NRL TV deal dominates day of drama
Rugby League more than lived up to its tag as the sport that keeps giving on Tuesday.
It was a day dominated by news of the ARLC putting pen to paper on a television rights deal worth just over a $1 billion with the Nine Network and Foxtel to broadcast the NRL for the next five years.
It also saw Laurie Daley’s appointment as NSW State of Origin coach, the sacking of Warriors mentor Brian McClennan, the retirement of St George Illawarra’s grand-final-winning skipper Ben Hornby and star hooker Issac Luke’s relegation to NSW Cup by South Sydney coach Michael Maguire.
And for good measure axed NRL CEO David Gallop was appointed as new supremo of Football Federation Australia,
However, they were all merely footnotes following the most important development in rugby league since the start of the Super League war in the mid-90s.
Like Gallop’s shock departure in June, news of the TV rights agreement was kept under wraps until Tuesday morning, shortly after ARLC chairman John Grant signed off on the new deal with Nine Network boss David Gyngell and Foxtel CEO Patrick Delany.
Grant and the eight-member commission would be forever judged on this agreement which will increase the salary cap for clubs and also see more cash directed to the grass roots level of the game – and they delivered.
Grant has hailed the news “the greatest deal ever done” by the sport.
“Today we answer the $1 billion question with the $1 billion-plus answer,” Grant said.
“This is a fantastic outcome for the game and starts the journey the Commission was formed to oversee.
“The cash that comes from the agreement, used wisely, will provide a funding base to sustainably grow our game from its grassroots to the elite levels.”
Gyngell said league was part of Nine’s “DNA” and despite the cash-strapped network and Foxtel having to fork out $90m up front between them, it was a race they had to win, beating off competition from the Seven and Ten Networks.
“We have certainly stepped up and paid as much money as we could,” Gyngell said.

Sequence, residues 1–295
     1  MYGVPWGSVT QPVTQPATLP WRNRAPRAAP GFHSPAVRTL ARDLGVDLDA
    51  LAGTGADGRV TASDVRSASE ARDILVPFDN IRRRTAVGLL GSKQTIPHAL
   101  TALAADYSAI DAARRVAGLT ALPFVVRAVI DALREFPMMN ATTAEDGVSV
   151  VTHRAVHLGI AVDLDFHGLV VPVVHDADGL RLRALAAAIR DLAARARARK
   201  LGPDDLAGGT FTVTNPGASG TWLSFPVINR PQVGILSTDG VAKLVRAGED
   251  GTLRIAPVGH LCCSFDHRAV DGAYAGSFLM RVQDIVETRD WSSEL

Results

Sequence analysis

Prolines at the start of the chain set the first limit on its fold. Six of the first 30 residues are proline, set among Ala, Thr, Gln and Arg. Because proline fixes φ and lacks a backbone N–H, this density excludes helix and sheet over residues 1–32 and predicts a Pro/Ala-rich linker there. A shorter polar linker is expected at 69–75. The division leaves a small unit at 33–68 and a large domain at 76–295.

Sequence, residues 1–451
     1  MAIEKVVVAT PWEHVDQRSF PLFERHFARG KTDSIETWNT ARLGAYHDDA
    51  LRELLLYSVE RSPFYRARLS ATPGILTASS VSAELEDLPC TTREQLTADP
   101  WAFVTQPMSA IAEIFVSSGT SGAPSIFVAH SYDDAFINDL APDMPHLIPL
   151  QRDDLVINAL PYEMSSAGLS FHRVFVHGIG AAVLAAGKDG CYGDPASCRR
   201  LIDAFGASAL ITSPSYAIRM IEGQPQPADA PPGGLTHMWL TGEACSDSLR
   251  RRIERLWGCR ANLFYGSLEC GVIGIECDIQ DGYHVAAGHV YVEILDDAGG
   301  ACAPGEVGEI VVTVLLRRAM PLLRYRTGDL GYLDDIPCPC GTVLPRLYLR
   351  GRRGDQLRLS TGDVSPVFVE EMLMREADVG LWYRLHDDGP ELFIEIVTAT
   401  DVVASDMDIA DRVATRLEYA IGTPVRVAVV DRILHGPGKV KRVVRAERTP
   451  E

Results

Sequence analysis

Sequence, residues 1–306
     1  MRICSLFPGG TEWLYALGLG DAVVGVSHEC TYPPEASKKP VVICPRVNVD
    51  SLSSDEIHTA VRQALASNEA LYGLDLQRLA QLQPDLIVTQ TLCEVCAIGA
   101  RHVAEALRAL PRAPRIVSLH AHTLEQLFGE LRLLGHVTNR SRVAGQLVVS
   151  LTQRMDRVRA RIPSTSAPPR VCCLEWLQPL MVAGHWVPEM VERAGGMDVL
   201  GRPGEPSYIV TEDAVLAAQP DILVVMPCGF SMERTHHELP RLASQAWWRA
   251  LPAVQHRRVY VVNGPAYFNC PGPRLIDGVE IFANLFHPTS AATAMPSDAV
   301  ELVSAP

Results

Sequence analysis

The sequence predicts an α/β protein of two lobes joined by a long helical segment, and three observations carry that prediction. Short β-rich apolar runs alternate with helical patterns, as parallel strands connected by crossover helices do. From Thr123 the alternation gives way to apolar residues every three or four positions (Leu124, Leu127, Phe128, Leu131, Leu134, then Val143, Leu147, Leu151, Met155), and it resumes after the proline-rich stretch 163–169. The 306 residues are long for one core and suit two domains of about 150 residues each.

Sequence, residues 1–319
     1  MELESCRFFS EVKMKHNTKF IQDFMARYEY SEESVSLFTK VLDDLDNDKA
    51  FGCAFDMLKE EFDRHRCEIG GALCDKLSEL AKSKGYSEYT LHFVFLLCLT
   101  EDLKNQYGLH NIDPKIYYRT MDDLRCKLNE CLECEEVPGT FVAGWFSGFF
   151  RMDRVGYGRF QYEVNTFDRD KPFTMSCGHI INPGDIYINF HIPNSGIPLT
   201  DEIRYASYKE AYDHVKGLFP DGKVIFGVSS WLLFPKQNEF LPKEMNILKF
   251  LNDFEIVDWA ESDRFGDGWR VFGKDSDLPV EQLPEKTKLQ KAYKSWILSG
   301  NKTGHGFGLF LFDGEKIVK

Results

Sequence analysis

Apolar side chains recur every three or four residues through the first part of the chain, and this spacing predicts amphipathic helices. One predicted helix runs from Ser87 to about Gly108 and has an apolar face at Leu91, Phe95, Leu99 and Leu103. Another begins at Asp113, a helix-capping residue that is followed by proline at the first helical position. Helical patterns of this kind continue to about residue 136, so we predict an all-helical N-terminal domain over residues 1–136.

“It is the greatest sport for television in the winter months and perfectly complements our cricket coverage.
“It is part of our heritage and a must-win for us and I think the price was fair and reasonable.”
As part of the deal, Nine demanded the grand final would kick off at 7.15pm and State of Origin would remain in its current Wednesday night spot.
This killed off any hope from players and coaches of stand-alone Origin rounds, but Gyngell insisted they would be well recompensed under the new deal.
“The players and clubs are all going to get a good drink out of this, there is nothing surer than that,” he said.
“Salary caps are going to increase and the grants to the clubs are going to improve. The most important thing is that with the windfall for the game we grow the roots and get more people playing it and fend off the AFL in Sydney and in Queensland.”
The Sunday afternoon game will also still be shown on delay at 4pm AEST.
Fox will continue with five live games over the round, including Monday night football.
However, the ARLC was successful in demanding a fixed schedule for the first 20 rounds of the season, something clubs were very keen to address.
News of the deal was greeted warmly by Rugby League Players Association CEO David Garnsey, who said the players would benefit.
“It gives us great cause for optimism as it allows us to have some sort of certainty with the numbers we are dealing with when we go into negotiations,” Garnsey said.
“It’s what the players were looking for and it should give us a greater share of the game’s revenue.”© AAP 2013